Synopses & Reviews
In September 2001, Europeans might have felt comfortable thinking that Al-Qaeda was only a scourge to the United States; some indulged in the unkind speculation that the United States had only itself to blame for 9/11. That innocence is now gone in the wake of attacks in Madrid and London. Since then Europe has oscillated through a range of stances in relation to Islamist terrorism, varying from country to country and across the political spectrum. In Freedom or Terror, Russell A. Berman offers an analysis of Europe’s ambivalence toward jihadist terror and the spread of aggressive Islamism, with particular emphasis on the European responses—or lack thereof—to Islamist terrorism.
Berman describes how some European countries opt for appeasing and apologizing for terror, whereas others stand up for freedom. In individual chapters he examines the responses of England, France, Germany, and the smaller nations: Belgium, Holland, and Denmark. He also analyzes the dialectic of genocide and terror in Bosnia. Each country addresses the issues in light of its particular institutions and national history. Ultimately, the author argues that the European responses to Islamist terrorism involve the confrontation of contemporary postmodern European culture with the extremist values of jihadist radicals. Whether Europe is truly up to the challenge will only become clear in the struggles of the next decade.
An analysis of Europe’s ambivalence toward jihadist terror and the spread of aggressive Islamism, with particular emphasis on the European responses—or lack thereof—to this profound threat to modern democracy.
In his analysis of Europe's ambivalence toward jihadist terror and the spread of aggressive Islamism, with particular emphasis on the European responsesor lack thereofto this violent anti-modernism, Russell A. Berman describes how some European countries opt for appeasement and apologetics, whereas others muster the strength to defend their way of life and stand up for freedom. He describes a complex continent of different nations and traditions to further our understanding of the range of reactions to Islamism.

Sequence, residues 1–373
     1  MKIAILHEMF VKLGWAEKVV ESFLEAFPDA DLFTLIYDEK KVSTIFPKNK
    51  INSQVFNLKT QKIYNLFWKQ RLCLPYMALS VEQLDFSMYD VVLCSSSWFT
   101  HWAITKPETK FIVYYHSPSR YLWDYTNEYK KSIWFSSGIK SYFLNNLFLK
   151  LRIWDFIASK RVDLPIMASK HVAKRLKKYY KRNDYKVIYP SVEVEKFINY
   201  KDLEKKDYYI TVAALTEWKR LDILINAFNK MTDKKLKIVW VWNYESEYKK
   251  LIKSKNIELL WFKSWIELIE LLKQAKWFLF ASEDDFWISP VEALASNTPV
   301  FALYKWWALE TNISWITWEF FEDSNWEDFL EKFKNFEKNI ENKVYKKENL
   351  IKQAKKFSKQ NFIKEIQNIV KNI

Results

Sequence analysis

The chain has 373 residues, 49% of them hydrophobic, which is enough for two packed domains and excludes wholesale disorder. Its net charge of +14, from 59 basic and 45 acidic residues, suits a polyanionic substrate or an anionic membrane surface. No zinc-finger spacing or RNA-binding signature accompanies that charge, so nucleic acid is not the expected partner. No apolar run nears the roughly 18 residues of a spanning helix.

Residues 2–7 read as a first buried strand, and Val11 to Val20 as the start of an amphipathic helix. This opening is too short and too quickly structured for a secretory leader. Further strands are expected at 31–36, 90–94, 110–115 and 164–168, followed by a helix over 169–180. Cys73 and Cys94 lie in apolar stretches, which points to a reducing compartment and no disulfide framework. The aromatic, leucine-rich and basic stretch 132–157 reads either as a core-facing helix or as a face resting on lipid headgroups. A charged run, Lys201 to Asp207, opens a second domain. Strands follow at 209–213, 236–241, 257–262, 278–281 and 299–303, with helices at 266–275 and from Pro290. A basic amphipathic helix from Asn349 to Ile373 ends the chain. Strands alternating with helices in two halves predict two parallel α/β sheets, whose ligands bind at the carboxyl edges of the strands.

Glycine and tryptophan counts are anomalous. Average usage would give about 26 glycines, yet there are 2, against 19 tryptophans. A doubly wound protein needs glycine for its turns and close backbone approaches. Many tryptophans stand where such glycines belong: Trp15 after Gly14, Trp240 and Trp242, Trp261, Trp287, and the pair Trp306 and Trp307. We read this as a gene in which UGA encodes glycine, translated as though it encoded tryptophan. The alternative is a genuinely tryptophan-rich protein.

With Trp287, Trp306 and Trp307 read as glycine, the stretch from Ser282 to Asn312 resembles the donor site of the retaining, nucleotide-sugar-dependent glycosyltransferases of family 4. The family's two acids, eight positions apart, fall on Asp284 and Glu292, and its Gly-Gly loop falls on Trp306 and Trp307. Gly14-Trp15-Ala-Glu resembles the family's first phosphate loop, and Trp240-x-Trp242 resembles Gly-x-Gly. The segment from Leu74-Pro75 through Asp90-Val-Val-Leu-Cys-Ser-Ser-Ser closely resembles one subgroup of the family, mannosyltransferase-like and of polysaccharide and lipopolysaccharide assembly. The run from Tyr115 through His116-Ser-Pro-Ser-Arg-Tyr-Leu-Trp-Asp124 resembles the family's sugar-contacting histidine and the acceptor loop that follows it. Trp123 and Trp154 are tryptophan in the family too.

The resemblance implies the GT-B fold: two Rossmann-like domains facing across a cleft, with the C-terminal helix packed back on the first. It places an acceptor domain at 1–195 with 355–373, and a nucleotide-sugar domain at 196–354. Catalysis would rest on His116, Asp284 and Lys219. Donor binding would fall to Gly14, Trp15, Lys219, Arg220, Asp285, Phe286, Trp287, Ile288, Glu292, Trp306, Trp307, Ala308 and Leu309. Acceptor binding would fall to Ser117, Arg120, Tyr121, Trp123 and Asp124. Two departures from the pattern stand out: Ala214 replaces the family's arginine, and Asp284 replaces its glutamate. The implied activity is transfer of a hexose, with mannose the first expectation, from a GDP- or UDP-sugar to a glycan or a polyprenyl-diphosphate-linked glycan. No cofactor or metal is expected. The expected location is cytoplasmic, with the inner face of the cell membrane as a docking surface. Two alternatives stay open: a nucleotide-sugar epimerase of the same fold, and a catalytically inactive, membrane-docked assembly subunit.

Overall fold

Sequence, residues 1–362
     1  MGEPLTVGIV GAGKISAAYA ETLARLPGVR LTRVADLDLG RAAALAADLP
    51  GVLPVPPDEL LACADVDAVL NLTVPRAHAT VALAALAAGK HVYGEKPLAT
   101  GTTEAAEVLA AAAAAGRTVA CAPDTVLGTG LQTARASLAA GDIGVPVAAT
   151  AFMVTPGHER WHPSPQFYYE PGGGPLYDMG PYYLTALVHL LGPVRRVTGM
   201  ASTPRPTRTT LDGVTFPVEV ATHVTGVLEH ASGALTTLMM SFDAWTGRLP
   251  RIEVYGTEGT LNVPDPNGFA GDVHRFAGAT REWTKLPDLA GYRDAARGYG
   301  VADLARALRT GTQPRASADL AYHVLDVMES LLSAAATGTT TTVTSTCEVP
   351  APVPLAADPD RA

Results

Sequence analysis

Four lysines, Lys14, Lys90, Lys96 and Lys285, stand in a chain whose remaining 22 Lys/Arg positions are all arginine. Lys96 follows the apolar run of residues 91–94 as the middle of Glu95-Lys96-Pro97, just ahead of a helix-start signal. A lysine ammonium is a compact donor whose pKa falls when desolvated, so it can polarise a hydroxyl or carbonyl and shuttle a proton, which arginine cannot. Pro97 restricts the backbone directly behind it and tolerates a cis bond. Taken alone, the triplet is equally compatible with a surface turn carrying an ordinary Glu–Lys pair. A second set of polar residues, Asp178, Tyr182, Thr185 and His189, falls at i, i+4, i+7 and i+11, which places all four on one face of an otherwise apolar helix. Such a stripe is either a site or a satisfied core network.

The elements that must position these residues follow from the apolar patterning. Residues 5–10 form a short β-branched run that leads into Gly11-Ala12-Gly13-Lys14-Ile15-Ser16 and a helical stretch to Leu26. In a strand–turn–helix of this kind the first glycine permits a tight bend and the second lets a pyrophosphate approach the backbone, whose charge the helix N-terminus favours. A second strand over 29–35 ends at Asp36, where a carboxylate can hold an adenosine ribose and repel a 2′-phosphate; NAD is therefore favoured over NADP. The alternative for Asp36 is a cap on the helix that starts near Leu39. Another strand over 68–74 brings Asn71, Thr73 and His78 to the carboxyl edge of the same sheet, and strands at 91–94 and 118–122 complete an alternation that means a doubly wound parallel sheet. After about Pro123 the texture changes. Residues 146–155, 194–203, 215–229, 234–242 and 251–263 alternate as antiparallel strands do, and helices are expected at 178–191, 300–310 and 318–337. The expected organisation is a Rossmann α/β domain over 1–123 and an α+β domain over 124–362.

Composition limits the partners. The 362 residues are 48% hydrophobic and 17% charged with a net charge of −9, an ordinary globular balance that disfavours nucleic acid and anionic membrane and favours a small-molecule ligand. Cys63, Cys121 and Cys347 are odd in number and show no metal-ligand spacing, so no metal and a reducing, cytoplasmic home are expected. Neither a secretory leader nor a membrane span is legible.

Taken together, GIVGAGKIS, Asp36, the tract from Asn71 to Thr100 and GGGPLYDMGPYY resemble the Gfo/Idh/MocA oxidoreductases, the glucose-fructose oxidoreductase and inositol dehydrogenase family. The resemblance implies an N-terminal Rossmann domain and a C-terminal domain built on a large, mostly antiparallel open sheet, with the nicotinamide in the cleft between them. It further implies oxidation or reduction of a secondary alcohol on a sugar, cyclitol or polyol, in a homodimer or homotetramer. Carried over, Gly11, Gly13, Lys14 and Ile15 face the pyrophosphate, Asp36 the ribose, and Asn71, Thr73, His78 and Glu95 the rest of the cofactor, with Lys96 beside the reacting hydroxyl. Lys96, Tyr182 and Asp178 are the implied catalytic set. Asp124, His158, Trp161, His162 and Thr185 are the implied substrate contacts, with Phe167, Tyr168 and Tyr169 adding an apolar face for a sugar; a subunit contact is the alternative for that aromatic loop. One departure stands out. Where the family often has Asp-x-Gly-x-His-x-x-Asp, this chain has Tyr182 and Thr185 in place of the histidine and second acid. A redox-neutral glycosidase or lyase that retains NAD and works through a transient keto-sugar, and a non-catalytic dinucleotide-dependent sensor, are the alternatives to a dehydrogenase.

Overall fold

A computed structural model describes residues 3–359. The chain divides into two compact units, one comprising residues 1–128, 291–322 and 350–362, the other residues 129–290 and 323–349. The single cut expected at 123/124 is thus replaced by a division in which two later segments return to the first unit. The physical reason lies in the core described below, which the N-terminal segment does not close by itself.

About the Author
Russell A. Berman, the Walter A. Haas Professor in the Humanities at Stanford University, is a senior fellow at the Hoover Institution.
Berman specializes in the study of German literary history and cultural politics. He is a member of both the Department of German Studies and the Department of Comparative Literature at Stanford. From 1992 through 2000 he served as director of the Stanford Overseas Studies Program. He is currently chair of the Department of Comparative Literature.
He is the author of numerous articles and books including Enlightenment or Empire: Colonial Discourse in German Culture (1998) and The Rise of the Modern German Novel: Crisis and Charisma (1986), both of which won the Outstanding Book Award of the German Studies Association (in 1987 and 2000, respectively). Hoover Press published his book Anti-Americanism in Europe: A Cultural Problem (2004). His other books include Cultural Studies of Modern Germany: Representation and Nationhood (1993), Modern Culture and Critical Theory: Art, Politics and the Legacy of the Frankfurt School (1989), and Between Fontane and Tucholsky: Literary Criticism and the Public Sphere in Wilhelmine Germany (1983). He has published numerous articles in Hoover Digest.
Berman has received many honors and awards including a Mellon Faculty Fellowship at Harvard University (1982– 83), an Alexander von Humboldt Fellowship (1988–89), and the Bundesverdienstkreuz of the Federal Republic of Germany (1997).
Berman received his B.A. in 1972 from Harvard and his doctorate from Washington University in 1979.
Table of Contents
Foreword by Fouad Ajami
1. European Values and Islamist Violence: Decadence Meets Force
2. England: Rights and Traditions
3. France: Terrorism and the Republic
4. Germany: Memory and Modernization
5. Belgium, Holland, Denmark: Terror in Small Nations
6. Bosnia: Genocide and Terrorism
Suggestions for Further Readings
About the Author
About the Hoover Institution’s Herbert and Jane Dwight Working Group on Islamism and the International Order